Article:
Investors were bracing for a surprise. But there’s reason to believe that Wall Street’s response to the numbers will be more muted than it was last month.
“Both policymakers and investors will take this new high in stride,” Joseph Brusuelas, chief economist at RSM US, told me.
Why? Digging deeper into the data on inflation reveals that while the situation is worrying, there are some reasons for optimism.
1. Core inflation. Annual core inflation, which strips out volatile food and energy prices, appears to have peaked in March. Federal Reserve officials are most concerned when there are signs inflation is broad-based, so this provides some hope the underlying situation is improving even as grocery and gas prices go haywire.
Core inflation in the 12 months to June edged down to 5.9% from 6% in May. It could keep dropping should consumer demand for goods continue to soften, as shoppers balk at high prices and redirect their income towards services like dining out.
2. Oil prices. Concerns about whether the global economy could tip into a recession have dimmed expectations for fuel demand, helping relieve pressure on gasoline prices in the United States this month. The average price for a gallon of regular gas on Wednesday was $4.63, compared to $4.78 a week ago and $5.01 one month ago.
That wasn’t reflected in the June data, given that gasoline prices were at a record high when the Bureau of Labor Statistics crunched the CPI numbers. The gasoline index rose 11.2% between May and June.
But it does mean July will probably look better — and markets like to look ahead.
This indicates that American consumers still have faith that the Fed can get the inflation situation under control by hiking interest rates and ending crisis-era bond purchases. The economy might slow, but price stability will ultimately be restored, as will the much-maligned credibility of central banks.
That said: Core inflation is still extremely high and well above the central bank’s target of near 2%. And there are signs that inflation pressures are spreading to parts of the economy where they’re likely to stick around for some time, like housing and rent.
Looking ahead: Once inflation starts to come down, will it ever get back to where it was before the pandemic hit?
Top officials, including Federal Reserve Chair Jerome Powell and Agustín Carstens, who heads up the Bank for International Settlements, acknowledged at a summit in Portugal late last month that there’s a risk we could enter a period of persistently higher inflation if central banks don’t get the situation under control soon.
“The biggest question, I think, is are we in transition from a low inflation regime to a high inflation regime?” Brusuelas said.
Oil prices take center stage as Biden travels to Middle East
When President Joe Biden arrives in the Middle East on Wednesday, he’ll be trailed by the specter of high oil prices, which pose a growing political liability to the White House.
But recent market moves could reduce expectations for the trip. Global oil prices slid 7% on Tuesday to less than $100 a barrel and have pulled back 13% so far this month. US oil prices have dropped below $96 a barrel, dipping more than 9% in July.
The International Energy Agency on Wednesday reduced its outlook for global oil demand this year, pointing to “higher prices and a deteriorating economic environment.” Meanwhile, some supply constraints have been eased by ongoing access to barrels from Russia.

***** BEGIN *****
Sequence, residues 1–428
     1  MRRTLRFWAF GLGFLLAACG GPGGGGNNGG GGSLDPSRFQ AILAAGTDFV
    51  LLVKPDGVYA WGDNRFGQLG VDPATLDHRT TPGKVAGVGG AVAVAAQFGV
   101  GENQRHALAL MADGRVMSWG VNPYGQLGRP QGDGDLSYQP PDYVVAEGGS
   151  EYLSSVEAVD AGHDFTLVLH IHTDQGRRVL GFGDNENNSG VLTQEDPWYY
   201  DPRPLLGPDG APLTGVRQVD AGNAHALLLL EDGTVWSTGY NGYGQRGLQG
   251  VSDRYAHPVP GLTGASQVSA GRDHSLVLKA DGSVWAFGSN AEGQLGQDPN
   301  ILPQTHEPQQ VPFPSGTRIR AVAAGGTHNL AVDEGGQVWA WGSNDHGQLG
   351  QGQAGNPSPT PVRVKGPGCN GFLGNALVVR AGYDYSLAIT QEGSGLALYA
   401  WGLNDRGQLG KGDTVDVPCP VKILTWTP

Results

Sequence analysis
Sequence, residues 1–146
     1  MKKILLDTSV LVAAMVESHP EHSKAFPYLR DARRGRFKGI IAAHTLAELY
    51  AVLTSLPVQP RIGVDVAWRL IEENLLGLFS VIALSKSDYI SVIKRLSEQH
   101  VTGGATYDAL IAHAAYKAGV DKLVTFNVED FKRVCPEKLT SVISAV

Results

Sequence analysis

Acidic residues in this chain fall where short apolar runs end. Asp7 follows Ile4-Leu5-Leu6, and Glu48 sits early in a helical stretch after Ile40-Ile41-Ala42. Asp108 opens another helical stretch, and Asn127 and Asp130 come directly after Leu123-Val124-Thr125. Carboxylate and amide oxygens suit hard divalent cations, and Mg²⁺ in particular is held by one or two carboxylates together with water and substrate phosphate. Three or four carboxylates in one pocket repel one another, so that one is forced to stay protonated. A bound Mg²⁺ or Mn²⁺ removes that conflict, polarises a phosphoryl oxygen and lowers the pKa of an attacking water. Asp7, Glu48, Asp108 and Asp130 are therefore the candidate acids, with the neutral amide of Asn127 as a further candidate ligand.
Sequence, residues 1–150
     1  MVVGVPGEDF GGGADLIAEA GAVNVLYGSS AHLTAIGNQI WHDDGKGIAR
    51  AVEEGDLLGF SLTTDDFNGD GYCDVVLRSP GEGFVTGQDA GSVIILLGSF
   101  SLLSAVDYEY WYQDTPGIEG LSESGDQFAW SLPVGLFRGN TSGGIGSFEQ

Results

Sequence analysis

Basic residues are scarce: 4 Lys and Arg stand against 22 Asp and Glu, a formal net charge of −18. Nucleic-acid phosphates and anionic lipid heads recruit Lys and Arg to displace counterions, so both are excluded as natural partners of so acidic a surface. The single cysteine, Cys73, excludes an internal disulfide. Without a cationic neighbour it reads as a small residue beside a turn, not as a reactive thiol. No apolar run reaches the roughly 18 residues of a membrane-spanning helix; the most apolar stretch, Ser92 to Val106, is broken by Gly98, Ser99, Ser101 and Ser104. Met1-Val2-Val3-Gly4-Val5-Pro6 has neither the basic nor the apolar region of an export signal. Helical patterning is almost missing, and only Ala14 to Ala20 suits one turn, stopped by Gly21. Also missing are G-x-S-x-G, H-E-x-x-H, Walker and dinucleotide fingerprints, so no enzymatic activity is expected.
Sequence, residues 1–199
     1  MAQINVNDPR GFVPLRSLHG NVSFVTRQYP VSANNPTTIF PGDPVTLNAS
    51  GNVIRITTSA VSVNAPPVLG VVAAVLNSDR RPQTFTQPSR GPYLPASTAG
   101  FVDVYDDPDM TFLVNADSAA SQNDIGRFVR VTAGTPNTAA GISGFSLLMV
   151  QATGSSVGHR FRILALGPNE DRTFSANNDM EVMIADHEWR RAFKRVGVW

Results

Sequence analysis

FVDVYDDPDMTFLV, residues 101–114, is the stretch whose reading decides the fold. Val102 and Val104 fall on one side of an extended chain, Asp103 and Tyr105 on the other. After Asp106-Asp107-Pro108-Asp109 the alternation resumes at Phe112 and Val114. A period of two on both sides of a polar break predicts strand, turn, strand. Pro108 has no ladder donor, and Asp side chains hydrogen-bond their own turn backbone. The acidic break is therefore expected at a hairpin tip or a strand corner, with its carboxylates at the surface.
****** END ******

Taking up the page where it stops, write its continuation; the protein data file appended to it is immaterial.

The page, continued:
Still, the Paris-based agency warned of huge unknowns ahead.
“Rarely has the outlook for oil markets been more uncertain,” it said in its monthly report. “A worsening macroeconomic outlook and fears of recession are weighing on market sentiment, while there are ongoing risks on the supply side.”
Much of the recent slide in prices has been tied to the risks of China’s “zero Covid” policy. While major cities have been relaxing harsh restrictions, growing case numbers and the emergence of a highly infectious Omicron subvariant in Shanghai have spurred fears of a return to mass lockdowns.
China is the world’s second largest consumer of oil after the United States. The country’s crude imports fell sharply in June compared to May, according to government data released this week.
What happens next: Biden isn’t off the hook. Given market constraints, it’s likely oil prices don’t have much room to fall much further. That means it would still help the United States if countries like Saudi Arabia and the United Arab Emirates pumped more, making use of whatever remaining spare capacity they have.
“I think there is a high floor,” Rohan Reddy, director of research at Global X ETFs, told me. “There’s just not enough supply right now.”
Twitter needs just 4 days to make its case against Musk
In a lawsuit filed in the Delaware Court of Chancery on Tuesday, Twitter’s legal counsel requested a four-day trial on the dispute to be completed in September.
“Expedition is essential to permit Twitter to secure the benefit of its bargain, to address Musk’s continuing breaches, and to protect Twitter and its stockholders from the continuing market risk and operational harm resulting from Musk’s attempt to bully his way out of an airtight merger agreement,” the company said in its filing.
My thought bubble: Twitter knows speed is of the essence to get the company back on track and reduce the huge uncertainty now hanging over its stock.
Shares regained around 4% on Tuesday after falling sharply on Monday, but they’re still trading 37% below Musk’s offer price, suggesting deep skepticism that the deal will get done — at least at its original price.
Also today: The Consumer Price Index for June arrives at 8:30 a.m. ET.